‘On the Reproduction of Capitalism: Ideology and Ideological State Apparatuses’ reviewed by Ian Jakobi

Reviewed by Ian Jakobi

About the reviewer

Ian Jakobi is a post-graduate in Modern European Philosophy and is currently researching Marx’ …


[Farsi translation]

It has been more than 40 years since Louis Althusser’s most read and influential work – ‘Ideology and Ideological State Apparatuses’ – was hastily published in the French journal La Pensée, with the translation into English following a year later, in 1971. The focus of this essay was the attempt to develop a theory of ideology, and its role in the reproduction of capitalist social formations, as part of a broader contribution to a Marxist theory of the state. Much of the response to this article has been in terms of its reduction of subjectivity to nothing more than an ideological effect with the apparent consequence that revolutionary political action is precluded by a lack of any revolutionary subject. To some extent such debates were hampered by the knowledge that the available text was little more than an assemblage of elements taken from a larger, more complete, work. This relation between the fragmentary article and the complete work may, for many, spark the initial interest in the appearance of On the Reproduction of Capitalism. So we should start by saying that any hope of resolving the questions and difficulties of the original article by appealing to the full text to ‘fill in the blanks’ is to a great extent misguided and will only lead to further disappointment. This is, in part, due to the ‘complete work’ itself being only a manuscript – to which Althusser gave the title ‘The Reproduction of the Relations of Production’ – of the first of two projected volumes, the second not having been composed. Nevertheless, the inclusion in this volume of additional material written by Althusser to clarify his argument in response to criticism of his article, particularly the charge of functionalism against his view of the state, as well as the original article itself, certainly throws new light on certain of its claims. But we shall see that much more is to be gained by turning to the fuller manuscript itself.

The main text of On the Reproduction of Capitalism may uncharitably be described as yet another of Althusser’s abortive attempts to refound historical materialism. Of course the specificity of this attempt is in its centring on the role of ideology in producing submissive subjects who, without the need for direct repression, that is, violence, will continue to go to work, to buy commodities, to be exploited. There is one constant in all of these attempts, and that is the claim that historical materialism, as the science of history, can only be understood through a working out of dialectical materialism as its philosophical counterpart. This explains the reason that a text on the nature of reproduction in capitalist social formations is opened with the question what is philosophy? The weight of this question is therefore that its answer needs to provide the revolutionary theory, that Althusser following Lenin, claims is necessary for revolutionary practice. However, we will not get an answer from reading On the Reproduction of Capitalism since this was to be addressed in the second, unwritten, volume. Nevertheless, it is the ‘long detour’ (7) that this question necessitates, that constitutes the text of the manuscript, and as is so often the case with Althusser, it is in the ‘detour’ that the real interest lies.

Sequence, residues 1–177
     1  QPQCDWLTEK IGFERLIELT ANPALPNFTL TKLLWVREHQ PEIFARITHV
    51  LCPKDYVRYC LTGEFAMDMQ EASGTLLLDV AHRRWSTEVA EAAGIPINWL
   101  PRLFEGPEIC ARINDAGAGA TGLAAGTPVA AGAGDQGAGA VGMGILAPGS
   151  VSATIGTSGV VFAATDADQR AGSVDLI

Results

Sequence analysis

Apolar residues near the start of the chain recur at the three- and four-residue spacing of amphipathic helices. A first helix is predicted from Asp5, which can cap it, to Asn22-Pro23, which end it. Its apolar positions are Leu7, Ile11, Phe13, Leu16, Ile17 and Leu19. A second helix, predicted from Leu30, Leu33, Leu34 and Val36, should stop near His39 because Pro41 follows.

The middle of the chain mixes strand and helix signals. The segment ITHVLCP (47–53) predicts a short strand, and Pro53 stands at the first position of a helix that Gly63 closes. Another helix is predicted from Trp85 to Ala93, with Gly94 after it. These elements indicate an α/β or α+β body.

To understand the focus on ideology in this particular reworking of dialectical materialism we must consider the political and historical context of Althusser’s writing. We refer, in the first instance, to the upheavals of May ‘68 in Paris, not forgetting the broader international background offered by the ongoing imperialist war waged by the USA against Vietnam, and the travails of Maoism in China. It is the former European events that Althusser describes as a ‘dress rehearsal’ (206) in a sequence that he had the confidence to declare would bring about the end of capitalist exploitation in a truly social revolution. The ‘revolt’ by students across French universities sparked both the need to think, in general, the suitability of more traditional political strategies, such as those of the French Communist Part (PCF), and, in particular, about education as the site of political struggle. For Althusser and his colleagues, such as Étienne Balibar, who contributes an introduction to On the Reproduction of Capitalism, the school system therefore became the object of critique for which Althusser took responsibility for the composition of a theoretical grounding. One senses part of the reason for this (and this undoubtedly, as Balibar notes, created a large amount of tension within the group), was that Althusser, in his continued commitment to the PCF, wished in some way to think the compatibility of the student revolt with the more traditional notion of the historic class struggle led by workers and a workers’ party. This comes through in the text most clearly when Althusser recounts that, to put the events of May ‘68 in proper perspective, we had to adopt ‘the standpoint of reproduction, which is the standpoint of the class struggle as an overall process … and as a historical process (220). Here Althusser is appealing to the dual temporality of political and economic struggle, with political explosions being only the short term, rather noisy, counterpart to the ‘silent, obscure, interminable, bloody trench warfare’ (128) of the economic class struggle. Althusser maintains a rather classical emphasis on the economic struggle as being the determinate factor, in the last instance, as it were.